Seoul: What to Prepare Before You Fly Out

So you’ve got your tickets, booked that Airbnb, and made sure your luggage fits well within the bounds of standard weight allowance. But before you bring yourself to sign up for “city tours” or “tourist packages”, consider taking the challenge of facing the alien streets of Seoul without a forever-grinning guide with a microphone urging you on like a flock of sheep to the next stop on the itinerary.

Seoul may not be as easy to traverse as Manila (as Koreans normally speak less English than Filipinos do), but it’s certainly a piece of cake given adequate preparation. These are the things you’ll need to have on you during your trip (particularly for the monsoon season)!

LIGHT RAIN JACKET AND UMBRELLA

The rainy season in Seoul runs from June to September. If you come during this time, it’s best to pack for rain instead of rushing to buy umbrellas at the nearest convenience store afterΒ getting drenched while looking like a drowned rat. To save on shopping costs (put that money to better use; ahem, sheet masks?), try to pack the rain jacket as well.

PASSPORT

This kind of goes without saying. The passport is essential for a tourist to have on hand at all times. You’ll need it as an ID, at the money changer, and for tax-free shopping. On the subject of tax-free shopping though, it’s best to go to stores that offer instant tax refund. Otherwise, you’ll have to go through the tax refund counters at the airport and I honestly think that the refund you get will not be worth the hassle. I think I came to them with a receipt of 60,000KRW and the refundable amount was around 2,000KRW. Also, you’ll need to spend a minimum of 30,000KRW at all stores in order to receive the tax-free benefit. Keep ahold of your receipts!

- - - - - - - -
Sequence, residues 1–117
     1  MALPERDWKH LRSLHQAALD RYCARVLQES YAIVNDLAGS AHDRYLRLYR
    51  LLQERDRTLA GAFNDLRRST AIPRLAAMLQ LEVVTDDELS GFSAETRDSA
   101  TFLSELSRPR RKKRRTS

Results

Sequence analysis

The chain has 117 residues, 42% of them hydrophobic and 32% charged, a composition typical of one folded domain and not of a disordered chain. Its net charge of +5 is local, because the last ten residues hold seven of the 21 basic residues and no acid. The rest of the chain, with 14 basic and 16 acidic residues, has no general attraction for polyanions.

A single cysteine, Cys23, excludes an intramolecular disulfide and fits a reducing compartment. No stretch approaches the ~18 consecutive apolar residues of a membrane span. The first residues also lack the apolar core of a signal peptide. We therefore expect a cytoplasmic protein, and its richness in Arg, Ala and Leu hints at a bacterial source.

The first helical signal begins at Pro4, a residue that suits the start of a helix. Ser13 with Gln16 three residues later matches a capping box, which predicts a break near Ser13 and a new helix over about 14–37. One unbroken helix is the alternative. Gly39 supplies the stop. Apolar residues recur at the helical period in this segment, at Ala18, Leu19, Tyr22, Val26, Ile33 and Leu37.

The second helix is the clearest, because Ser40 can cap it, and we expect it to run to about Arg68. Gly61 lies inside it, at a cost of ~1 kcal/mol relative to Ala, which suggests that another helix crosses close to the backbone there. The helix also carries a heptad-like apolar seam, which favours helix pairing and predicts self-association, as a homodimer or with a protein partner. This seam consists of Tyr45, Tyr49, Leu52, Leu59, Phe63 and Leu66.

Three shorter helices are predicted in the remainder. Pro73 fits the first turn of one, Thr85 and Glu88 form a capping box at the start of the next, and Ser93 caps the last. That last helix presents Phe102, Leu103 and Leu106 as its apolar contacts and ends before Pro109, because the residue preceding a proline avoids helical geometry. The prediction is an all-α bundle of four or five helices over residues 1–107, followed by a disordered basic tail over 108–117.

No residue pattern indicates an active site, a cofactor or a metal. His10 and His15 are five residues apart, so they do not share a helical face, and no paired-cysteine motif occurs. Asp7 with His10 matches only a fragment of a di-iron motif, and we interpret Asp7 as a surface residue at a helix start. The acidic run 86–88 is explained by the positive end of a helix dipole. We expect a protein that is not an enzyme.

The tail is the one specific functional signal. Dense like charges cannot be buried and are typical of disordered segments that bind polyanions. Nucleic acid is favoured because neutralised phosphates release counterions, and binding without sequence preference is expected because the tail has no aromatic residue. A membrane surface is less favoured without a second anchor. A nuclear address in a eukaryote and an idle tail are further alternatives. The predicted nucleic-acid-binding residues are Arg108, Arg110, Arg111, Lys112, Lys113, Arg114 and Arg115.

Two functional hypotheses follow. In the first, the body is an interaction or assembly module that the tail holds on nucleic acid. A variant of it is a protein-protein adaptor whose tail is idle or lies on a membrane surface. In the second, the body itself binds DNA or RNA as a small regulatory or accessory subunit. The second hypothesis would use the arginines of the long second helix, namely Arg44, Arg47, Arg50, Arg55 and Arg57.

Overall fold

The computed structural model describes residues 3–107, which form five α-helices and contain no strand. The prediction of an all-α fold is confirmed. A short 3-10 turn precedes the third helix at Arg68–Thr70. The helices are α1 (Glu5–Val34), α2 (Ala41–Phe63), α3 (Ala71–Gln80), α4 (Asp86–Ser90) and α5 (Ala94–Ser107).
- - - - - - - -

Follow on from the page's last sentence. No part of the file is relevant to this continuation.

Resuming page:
T-CARD

This transportation card is your ticket to getting everywhere you need to go in Seoul. You can use it for the subway, the bus, the taxi, and hell, even the convenience store. This is the first thing you should pick up at the airport. I believe there are vending machines that dispense these. You can also find T-cards at all convenience stores. It’s only going to cost you 2,500-4,000KRW. There are machines for reloading the T-card anywhere there is a subway. You can also ask the cashier at 7-11, CU, and GS25 to load it with money. (You’ll only need one per person. I just have two because I came with my family last time and I wanted the other design!) Each subway ride should only cost around 1,250-1,500KRW, and you get a small discount if you use a T-card instead of a Single Journey Ticket.

NOTEBOOK AND PEN

I personally use this small notebook to write down my itinerary, expenses, shopping lists, and addresses of the places I want to go. It’s going to be handy to have these addresses in both English and Korean- in case you get lost and you need help. Additionally, when taking taxis, it’s best to just show the drive the Korean address than try to read the romanized translation out loud. You can also use your phone for these purposes of course, but I like to handwrite these notes.

ADAPTORS

Unlike Manila, the plug shapes of power outlets in Korea are rounded. If your device chargers aren’t, you’re going to need these round adaptors. I borrowed mine from the office, but if you’re here on vacation, you may have a hard time finding these. I know you can get them at Daiso for about 5,000KRW, but I’m not sure where else you can go. Better bring your own just in case.

SUBWAY KOREA APP

subwaykor.jpg

Subway Korea is a life-saver. This is what the locals use to navigate their efficient subway system. It has a subway timetable that receives daily updates. It’s interface is pretty easy to understand. You can input your departure and arrival stations and the app will inform you of your travel time, number of stops before arrival, transfer details (if any), and transport fare.

GOOGLE MAPS AND TRANSLATE

This is pretty self-explanatory. Make sure to download offline translation as soon as possible. Half of the time there will be wifi while you’re out on the streets (WiFi ID: iptime, Public Wifi Seoul) and most restaurants and cafes are equipped with WiFi. If you’re worried you can rent a portable WiFi egg at the airport, but I’m not sure about the cost as I myself didn’t think it was necessary.

I hope you find this information useful and that you enjoy your trip to Korea as much as I did mine!

Ysobel.

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